I was surprised when Mario Fratti, explaining me his seven years of struggle looking for a producer for his musical in the late seventies, told me that Italians were discriminated because first of all, they didn’t and don’t go to watch musicals, and second, because they were still politically labeled as fascists.
Another answer was by Ascanio, whose experience was overall a negative one, who told me that he thought he could run away from everything by moving to another country, but he had realized how you can never run away from yourself.
Should you ever return to Europe, what will you bring back from the United States?
I would bring back the idea of not expecting anything to happen from “above”.Here, nobody takes care of your desires, of your dreams. Not the government, not the institutions. In Italy, due to a strong social welfare system which I’m very appreciative of, we’re used to think that somebody else will provide us with what we need. In America you learn how everything depends on you only. On your will, on your capability of pursuing your dreams.
Among Andy Warhol’s famous philosophies there is something similar to what you’ve just said. “They always say time changes things, but you actually have to change them yourself.”
If you had to chose some words that represent the themes of this book, which ones would they be?
Searching, desire, restlessness, change, challenge (challenging yourself sometimes it’s a stronger motivation than proofing the world), freedom, abandonment, nostalgia, regret, meritocracy, love.
Another important issue is identity.
Yes, it is. By embracing a new culture, at the beginning you feel that your roots are even stronger. But after some time, you realized that you no longer belong to the culture where you come from, but you don’t even belong to the new reality you live in. So sometimes you experience the sadness of loss, sometimes the richness of containing within yourself the best of two cultures. For all the people featured in the book it has been difficult managing and accepting this aspect. But I think that feeling lost, it might give you a new strength, and that the emptiness it can be a chance to reinvent yourself. And America is the right place to do it.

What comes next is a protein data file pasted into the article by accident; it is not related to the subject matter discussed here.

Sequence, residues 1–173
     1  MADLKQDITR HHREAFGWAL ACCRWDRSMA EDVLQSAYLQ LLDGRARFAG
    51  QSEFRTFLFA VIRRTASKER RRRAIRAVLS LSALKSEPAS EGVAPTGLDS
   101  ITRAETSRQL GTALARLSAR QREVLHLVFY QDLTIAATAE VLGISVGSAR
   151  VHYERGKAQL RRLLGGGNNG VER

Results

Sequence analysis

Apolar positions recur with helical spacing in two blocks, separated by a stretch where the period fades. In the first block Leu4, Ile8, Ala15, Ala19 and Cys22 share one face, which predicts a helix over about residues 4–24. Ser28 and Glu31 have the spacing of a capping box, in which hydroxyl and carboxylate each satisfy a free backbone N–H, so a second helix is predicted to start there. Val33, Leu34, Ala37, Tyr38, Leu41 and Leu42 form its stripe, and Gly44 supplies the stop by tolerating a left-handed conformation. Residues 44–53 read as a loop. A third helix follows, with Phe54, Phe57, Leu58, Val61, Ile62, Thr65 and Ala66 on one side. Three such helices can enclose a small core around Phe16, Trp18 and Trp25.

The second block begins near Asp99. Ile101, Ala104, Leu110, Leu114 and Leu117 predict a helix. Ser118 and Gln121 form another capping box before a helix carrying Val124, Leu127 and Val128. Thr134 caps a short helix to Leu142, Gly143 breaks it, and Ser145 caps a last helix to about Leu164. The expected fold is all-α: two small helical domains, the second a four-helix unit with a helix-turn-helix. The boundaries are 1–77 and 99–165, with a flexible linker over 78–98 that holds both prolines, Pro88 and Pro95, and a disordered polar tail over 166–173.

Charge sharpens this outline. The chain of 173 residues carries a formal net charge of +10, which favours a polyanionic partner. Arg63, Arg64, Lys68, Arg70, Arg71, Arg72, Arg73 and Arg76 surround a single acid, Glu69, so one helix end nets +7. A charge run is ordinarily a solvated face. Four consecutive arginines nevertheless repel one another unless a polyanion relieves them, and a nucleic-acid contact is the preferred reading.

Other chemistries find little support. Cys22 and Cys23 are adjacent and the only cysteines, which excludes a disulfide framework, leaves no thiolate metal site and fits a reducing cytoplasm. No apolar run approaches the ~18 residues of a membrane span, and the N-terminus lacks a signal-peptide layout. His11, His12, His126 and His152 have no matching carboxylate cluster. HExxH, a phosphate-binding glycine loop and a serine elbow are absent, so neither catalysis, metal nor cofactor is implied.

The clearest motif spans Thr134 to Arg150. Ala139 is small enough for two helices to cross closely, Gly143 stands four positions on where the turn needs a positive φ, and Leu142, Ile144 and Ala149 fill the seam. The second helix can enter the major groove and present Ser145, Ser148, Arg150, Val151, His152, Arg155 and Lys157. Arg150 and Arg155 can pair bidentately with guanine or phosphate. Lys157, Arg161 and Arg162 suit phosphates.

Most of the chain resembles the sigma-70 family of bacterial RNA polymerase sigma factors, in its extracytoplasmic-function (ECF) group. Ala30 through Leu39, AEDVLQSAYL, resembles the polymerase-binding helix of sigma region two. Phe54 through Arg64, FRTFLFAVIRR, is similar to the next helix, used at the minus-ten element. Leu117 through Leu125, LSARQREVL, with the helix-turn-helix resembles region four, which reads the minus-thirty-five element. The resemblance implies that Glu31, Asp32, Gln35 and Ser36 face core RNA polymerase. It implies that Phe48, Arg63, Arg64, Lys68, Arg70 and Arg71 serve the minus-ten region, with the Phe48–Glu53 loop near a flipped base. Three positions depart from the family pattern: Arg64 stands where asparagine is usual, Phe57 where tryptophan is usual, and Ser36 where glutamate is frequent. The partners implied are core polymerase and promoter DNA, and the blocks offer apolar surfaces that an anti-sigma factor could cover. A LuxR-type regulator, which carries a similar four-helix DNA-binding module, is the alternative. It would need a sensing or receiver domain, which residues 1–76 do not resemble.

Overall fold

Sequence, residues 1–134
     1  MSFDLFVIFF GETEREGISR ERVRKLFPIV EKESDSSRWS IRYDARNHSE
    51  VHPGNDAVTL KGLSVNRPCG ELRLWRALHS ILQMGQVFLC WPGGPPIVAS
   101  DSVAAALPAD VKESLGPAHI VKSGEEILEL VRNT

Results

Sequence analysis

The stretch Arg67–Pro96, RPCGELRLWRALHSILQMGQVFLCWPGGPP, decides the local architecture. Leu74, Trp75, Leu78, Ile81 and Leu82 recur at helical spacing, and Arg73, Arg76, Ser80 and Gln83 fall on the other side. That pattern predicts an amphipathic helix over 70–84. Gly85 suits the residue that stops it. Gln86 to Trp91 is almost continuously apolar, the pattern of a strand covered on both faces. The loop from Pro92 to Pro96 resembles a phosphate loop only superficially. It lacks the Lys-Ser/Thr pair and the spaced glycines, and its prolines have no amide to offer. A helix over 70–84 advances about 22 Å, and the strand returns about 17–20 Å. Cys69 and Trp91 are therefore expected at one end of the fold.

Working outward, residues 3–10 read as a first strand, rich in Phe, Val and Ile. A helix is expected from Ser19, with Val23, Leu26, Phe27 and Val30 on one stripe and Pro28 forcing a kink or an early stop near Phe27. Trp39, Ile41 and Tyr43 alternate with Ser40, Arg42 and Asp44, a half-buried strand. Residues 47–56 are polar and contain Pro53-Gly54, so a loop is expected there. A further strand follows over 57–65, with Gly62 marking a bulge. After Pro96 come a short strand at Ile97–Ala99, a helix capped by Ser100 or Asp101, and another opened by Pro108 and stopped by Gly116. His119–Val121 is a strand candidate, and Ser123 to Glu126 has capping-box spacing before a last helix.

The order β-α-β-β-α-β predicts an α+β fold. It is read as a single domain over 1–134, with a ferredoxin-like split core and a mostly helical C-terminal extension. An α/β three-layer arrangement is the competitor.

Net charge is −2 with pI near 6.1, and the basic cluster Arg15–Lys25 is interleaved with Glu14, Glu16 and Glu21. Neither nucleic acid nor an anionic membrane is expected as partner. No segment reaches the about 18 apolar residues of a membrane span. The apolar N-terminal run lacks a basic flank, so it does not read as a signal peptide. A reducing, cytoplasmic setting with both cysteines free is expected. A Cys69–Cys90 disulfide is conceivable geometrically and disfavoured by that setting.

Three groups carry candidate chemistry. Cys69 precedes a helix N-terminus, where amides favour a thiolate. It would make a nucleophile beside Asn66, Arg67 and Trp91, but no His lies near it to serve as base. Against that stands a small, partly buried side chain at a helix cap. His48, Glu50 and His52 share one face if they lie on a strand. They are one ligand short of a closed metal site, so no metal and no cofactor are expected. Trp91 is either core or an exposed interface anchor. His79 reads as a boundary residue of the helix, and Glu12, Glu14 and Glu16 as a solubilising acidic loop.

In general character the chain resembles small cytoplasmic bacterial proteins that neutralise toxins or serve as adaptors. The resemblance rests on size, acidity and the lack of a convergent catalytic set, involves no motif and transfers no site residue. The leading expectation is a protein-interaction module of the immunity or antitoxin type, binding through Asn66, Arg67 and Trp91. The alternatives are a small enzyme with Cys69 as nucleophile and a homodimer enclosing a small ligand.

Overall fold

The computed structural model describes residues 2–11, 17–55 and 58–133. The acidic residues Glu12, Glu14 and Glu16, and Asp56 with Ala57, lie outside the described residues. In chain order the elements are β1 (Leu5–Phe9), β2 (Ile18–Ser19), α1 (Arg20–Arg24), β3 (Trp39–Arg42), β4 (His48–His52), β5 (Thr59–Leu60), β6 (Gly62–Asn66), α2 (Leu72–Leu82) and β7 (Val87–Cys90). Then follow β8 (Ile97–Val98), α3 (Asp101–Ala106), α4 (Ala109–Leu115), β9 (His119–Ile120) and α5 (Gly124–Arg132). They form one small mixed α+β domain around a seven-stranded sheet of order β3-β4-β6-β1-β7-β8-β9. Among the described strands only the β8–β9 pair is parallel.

The book translated in English is “The Writer’s Assistant”. It’s Elena’s own coming to America story that recounts in detail her job as the assistant to Oriana Fallaci. When she retains the position she ends up learning as much about writing as she does about her severe and mysterious boss.
Oriana was known for her abrasiveness. How did it feel to be insulted by someone you admired so much?
I realized I was a little masochist, because I would cry on my return home, but I would go back every morning. But I had a goal. I was sure that sooner or later, Fallaci’s human side would have appeared. And it did.
On the day I had decided finally to quit, after a spite she had done to me and insistence by my boyfriend, she unexpectedly invited me on the second floor where I wasn’t usually allowed. We had champagne and raspberries and we started talking as two old friends.
For anyone who may not be familiar with Oriana Fallaci as a public figure, can you compare her to an American celebrity?
Barbara Walters. And as a young woman just moved to a new county, it’s like if a young actress became assistant to Meryl Streep.
If a young Italian girl had just arrived in New York city and told you she wanted to be a writer, what advice would you give?
I would tell her that this is the right place to find inspiration. And I would suggest her to not wait. I always loved writing, and I started doing it sporadicly since I was 18, but I thought I had to experience life more, before being able to write something interesting. So, I would tell her to just sit in front of her computer, or a blank piece of paper and start. You learn how to do it and you learn what is the story you want to tell, just by start writing.